- In letters to the heads of international organizations as well as foreign ambassadors in Vienna, Kazem Gharibabadi cautioned them against “the illegal measure” by the US to sanction Zarif and called on the international community to take action and prevent its negative effects on diplomacy and multilateralism.
“This move is another clear example of the US’ countless illegal acts in line with the policy of pressure against Iran, including through economic terrorism…,” he noted in the letter.
He further emphasized that sanctioning a UN member state’s foreign minister is “a blatant violation of the fundamental principles and norms of international law”, and a breach of the UN Charter, which undermines diplomacy and multilateralism.
On July 31, the US Department of State said Washington has designated Zarif for acting on behalf of Leader of the Islamic Revolution Ayatollah Seyed Ali Khamenei. The US president had issued an executive order on June 24, imposing sanctions on the Leader and his office and authorizing sanctions on others associated with Ayatollah Khamenei.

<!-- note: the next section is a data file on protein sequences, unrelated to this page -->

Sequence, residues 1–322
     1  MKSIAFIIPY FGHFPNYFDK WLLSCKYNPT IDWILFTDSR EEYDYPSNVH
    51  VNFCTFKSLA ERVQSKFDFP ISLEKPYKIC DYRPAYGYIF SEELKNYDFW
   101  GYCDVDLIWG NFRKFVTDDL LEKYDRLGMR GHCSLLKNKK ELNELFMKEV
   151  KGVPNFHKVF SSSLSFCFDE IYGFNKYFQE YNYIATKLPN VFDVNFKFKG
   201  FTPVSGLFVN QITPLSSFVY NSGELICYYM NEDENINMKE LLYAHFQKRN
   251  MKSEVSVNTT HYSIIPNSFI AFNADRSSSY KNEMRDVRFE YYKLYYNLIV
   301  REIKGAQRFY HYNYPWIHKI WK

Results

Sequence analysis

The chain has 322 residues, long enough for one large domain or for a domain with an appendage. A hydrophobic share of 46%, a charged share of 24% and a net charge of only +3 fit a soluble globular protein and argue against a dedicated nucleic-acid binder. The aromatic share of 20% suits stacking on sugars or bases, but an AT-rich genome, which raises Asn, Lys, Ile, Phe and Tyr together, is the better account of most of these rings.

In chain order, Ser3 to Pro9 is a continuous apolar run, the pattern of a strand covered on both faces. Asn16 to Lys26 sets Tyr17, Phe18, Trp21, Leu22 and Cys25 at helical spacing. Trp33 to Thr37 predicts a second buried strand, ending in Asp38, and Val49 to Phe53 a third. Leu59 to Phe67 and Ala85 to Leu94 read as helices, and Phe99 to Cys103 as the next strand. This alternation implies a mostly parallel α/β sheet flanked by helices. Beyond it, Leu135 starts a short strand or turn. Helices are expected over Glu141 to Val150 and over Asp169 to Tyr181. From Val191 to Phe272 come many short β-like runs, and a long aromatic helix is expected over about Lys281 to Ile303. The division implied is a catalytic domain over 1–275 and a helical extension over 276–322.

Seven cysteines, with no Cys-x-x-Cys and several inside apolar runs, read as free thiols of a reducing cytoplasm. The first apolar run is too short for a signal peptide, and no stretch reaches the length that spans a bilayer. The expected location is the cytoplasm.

The senior Iranian diplomat dismissed the US move, saying that being designated by the US would not affect him since he has ho properties outside Iran.
“We know that calling for dialog & peace is an existential threat to B-Team. And since reason for designating me is my words, would ‘US persons’ need OFAC license to ‘engage’ with me by reading my writings or listening to interviews?” Zarif said in a Twitter post.
The remarks come against the backdrop of increased tensions between Iran and the US with Washington imposing new economic sanctions against the Islamic Republic.
The US has ratcheted up pressure on Iran since last year after withdrawing from the 2015 nuclear deal, known as the Joint Comprehensive Plan of Action (JCPOA).
Since then, the administration of US President Donald Trump has tried to reduce Iran’s oil exports to “zero,” and has sent an aircraft carrier strike group, a bomber squad, an amphibious assault ship, and a Patriot missile battery to the Middle East to try to stack up pressure on Tehran.
Iranian officials, however, have dismissed such moves as psychological warfare, saying the country has its own ways of circumventing the American bans and selling crude oil.